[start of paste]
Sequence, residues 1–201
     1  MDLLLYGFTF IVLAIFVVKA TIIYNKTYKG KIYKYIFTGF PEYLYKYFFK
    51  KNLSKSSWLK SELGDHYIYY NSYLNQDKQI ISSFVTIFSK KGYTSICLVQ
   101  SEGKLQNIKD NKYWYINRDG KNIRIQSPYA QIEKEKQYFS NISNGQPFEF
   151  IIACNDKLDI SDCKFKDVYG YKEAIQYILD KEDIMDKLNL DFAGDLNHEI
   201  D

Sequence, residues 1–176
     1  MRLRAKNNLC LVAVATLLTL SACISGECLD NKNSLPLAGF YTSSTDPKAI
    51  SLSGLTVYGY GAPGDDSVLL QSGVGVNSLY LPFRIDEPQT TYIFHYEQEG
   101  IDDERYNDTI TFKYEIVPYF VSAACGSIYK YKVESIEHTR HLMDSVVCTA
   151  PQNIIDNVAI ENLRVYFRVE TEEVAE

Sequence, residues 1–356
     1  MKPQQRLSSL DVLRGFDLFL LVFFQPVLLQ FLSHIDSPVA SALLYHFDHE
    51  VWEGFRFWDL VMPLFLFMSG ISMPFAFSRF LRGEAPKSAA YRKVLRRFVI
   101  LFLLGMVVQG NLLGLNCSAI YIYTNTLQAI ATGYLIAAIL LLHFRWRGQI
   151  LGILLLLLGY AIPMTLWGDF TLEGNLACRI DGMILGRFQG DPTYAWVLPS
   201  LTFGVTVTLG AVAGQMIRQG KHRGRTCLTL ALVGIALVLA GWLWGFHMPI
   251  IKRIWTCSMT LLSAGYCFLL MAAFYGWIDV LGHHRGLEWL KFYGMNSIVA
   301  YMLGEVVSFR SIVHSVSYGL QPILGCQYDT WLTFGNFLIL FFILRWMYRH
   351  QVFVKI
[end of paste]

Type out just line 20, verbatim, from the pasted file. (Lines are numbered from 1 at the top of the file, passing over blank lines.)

   351  QVFVKI